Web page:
Alzheimer’s and Dementia – Age-Related Diseases? Or Too Many Pharmaceuticals?
Over one third of all pharmaceutical drugs prescribed by doctors every year, are taken by people over the age of 65. If you are one of them, then you’ll know much better than I do, that you and your peers are probably taking about six different drugs at any given time.
Polypharmacy — when more than one drug is prescribed at a time — is an even bigger problem in hospitals and care homes, where the average patient is given at least seven different drugs a day. A recent UK government review has revealed that drugs like dementia medication are prescribed inappropriately in 80 per cent of cases and are often given to patients as a chemical cosh to keep them quiet!
As if that is not alarming enough, the question has now risen whether many of these over-prescribed drugs could be the real culprit behind diseases associated with ageing.
A cure worse than the disease
In 1965, when geriatric medicine was still in its infancy, Bernard Isaac, a professor of geriatric medicine at Birmingham University, said that almost every health concern of the elderly can be traced back to four giant health threats that would determine their longevity: immobility, incontinence, instability and cognitive decline.
Little did Prof Isaac know that in many older patients these four health threats are often caused by the very medicine that is supposed to treat them:
Immobility and instability
On average 30 per cent of all over 65s fall each year and 25 per cent of these patients die within 6 months after their fall. Of course, there are many reasons why an elderly person falls, however it’s estimated that prescription drugs are responsible for around 18 per cent of all cases.
Tranquilizers and sedatives, like benzodiazepine, can increase the risk of falling three-fold. Canadian researchers have found that flurazepam and triazolam are the most dangerous of these types of drugs, and according to their findings, patients taking these drugs were most likely to fall within the first two weeks of starting their medication.
A small US study also found that benzodiazepine acted directly on the central nervous system and affected neuromuscular processing, and balance control.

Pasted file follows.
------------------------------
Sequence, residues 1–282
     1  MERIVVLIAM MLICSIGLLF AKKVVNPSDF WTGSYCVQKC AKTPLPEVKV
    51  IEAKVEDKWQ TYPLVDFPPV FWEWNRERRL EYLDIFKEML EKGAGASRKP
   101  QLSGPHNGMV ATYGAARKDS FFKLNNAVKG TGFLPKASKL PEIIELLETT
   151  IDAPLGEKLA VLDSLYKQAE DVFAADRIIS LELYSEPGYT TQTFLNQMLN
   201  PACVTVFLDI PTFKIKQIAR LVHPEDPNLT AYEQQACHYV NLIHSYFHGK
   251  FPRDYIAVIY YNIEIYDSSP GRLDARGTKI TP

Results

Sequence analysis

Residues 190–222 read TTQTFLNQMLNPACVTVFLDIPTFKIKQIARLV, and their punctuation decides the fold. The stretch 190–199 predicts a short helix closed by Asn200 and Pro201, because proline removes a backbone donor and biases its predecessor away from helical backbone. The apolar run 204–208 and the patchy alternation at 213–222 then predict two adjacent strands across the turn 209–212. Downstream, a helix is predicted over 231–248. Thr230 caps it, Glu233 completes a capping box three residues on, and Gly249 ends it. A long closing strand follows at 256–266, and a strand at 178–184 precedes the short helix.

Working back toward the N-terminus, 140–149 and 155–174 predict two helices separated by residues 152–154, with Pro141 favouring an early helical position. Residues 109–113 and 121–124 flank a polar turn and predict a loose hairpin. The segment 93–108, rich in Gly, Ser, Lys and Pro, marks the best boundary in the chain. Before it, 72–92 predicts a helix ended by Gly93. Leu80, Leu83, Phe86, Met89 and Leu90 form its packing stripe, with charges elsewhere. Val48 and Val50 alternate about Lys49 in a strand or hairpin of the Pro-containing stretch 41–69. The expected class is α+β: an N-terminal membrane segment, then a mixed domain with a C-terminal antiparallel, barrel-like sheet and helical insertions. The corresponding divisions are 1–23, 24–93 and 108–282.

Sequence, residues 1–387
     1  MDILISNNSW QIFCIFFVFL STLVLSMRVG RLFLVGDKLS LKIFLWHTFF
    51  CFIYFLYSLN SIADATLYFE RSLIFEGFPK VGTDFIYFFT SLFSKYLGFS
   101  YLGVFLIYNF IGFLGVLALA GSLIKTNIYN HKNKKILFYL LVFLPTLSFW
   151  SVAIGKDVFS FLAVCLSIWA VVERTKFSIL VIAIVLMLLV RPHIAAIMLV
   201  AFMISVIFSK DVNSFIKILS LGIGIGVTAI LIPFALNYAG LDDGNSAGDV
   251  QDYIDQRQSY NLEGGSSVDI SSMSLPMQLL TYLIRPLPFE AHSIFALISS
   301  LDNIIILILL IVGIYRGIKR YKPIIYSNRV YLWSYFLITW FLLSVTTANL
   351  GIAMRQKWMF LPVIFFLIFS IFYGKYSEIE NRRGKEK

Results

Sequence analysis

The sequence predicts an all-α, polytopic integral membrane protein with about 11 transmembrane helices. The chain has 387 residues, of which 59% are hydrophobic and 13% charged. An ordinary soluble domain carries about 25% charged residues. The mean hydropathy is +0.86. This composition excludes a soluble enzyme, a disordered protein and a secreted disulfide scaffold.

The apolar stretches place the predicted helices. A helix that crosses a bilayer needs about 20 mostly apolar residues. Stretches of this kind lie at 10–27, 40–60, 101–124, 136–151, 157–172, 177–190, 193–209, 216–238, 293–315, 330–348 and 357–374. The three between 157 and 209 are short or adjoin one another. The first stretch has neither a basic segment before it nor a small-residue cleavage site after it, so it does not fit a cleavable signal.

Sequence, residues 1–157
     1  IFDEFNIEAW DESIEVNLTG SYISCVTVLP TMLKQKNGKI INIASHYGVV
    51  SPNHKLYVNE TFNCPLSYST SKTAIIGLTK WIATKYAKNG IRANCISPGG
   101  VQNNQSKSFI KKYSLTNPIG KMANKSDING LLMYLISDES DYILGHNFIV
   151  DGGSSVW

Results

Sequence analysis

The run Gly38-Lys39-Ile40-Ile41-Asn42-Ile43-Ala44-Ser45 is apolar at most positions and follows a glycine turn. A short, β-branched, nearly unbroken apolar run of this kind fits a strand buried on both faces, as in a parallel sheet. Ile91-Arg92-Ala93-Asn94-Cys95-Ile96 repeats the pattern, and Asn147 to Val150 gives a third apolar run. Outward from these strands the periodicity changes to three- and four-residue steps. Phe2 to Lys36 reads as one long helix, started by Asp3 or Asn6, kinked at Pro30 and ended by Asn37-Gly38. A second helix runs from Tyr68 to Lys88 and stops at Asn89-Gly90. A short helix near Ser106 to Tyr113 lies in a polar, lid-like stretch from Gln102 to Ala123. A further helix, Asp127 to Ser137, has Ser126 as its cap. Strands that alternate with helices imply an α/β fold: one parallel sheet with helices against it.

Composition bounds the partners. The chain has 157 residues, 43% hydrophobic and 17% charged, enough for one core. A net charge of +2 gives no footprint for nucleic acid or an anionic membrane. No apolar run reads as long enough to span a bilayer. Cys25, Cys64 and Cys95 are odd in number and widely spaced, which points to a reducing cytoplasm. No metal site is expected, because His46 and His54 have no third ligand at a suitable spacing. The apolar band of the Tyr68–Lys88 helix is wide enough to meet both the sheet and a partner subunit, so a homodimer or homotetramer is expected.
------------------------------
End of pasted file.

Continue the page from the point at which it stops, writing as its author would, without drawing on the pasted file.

Incontinence: Often viewed as an unfortunate consequence of ageing, incontinence can arise for many different reasons and in people of all ages. However, one in 10 aged 65 and over, and three in 10 aged 80 and over, have some loss of bladder control.
The real kicker is that many prescription drugs cause temporary incontinence. Anticholinergic agents, which are found in antihistamines, antidepressants, opiates and Parkinson’s drugs, as well as heart drugs like calcium- channel blockers and diuretics or ‘water pills’, are some of the main culprits here.
Cognitive decline: Although ageing is a genuine factor in cognitive decline, pharmaceuticals also play a role in worsening the problem. US researchers at the University of Florida have found that any drug with nerve-blocking qualities (anticholinergic), such as those used to treat an over-active bladder, can speed up cognitive decline.
Adding to this, another group of researchers from the Medical University of South Carolina, in the US, reported that many commonly prescribed drugs have side effects, like confusion and memory loss, which mimic the signs of cognitive impairment.
The fact is that all drugs have side effects even though they are tested for their safety and effectiveness. However, drugs are tested in isolation and almost never in conjunction with other drugs. So, there’s no telling that by taking two or more drugs at the same time, you could be dosing yourself with a potentially lethal cocktail. You can imagine how much higher this risk is when you take as many as six or seven drugs on a daily basis!
Based on all the evidence (and there is plenty) polypharmacy could be behind many of the common health problems seen among the elderly. This makes you wonder: If it weren’t for all these drugs, perhaps growing old would not be such a daunting prospect.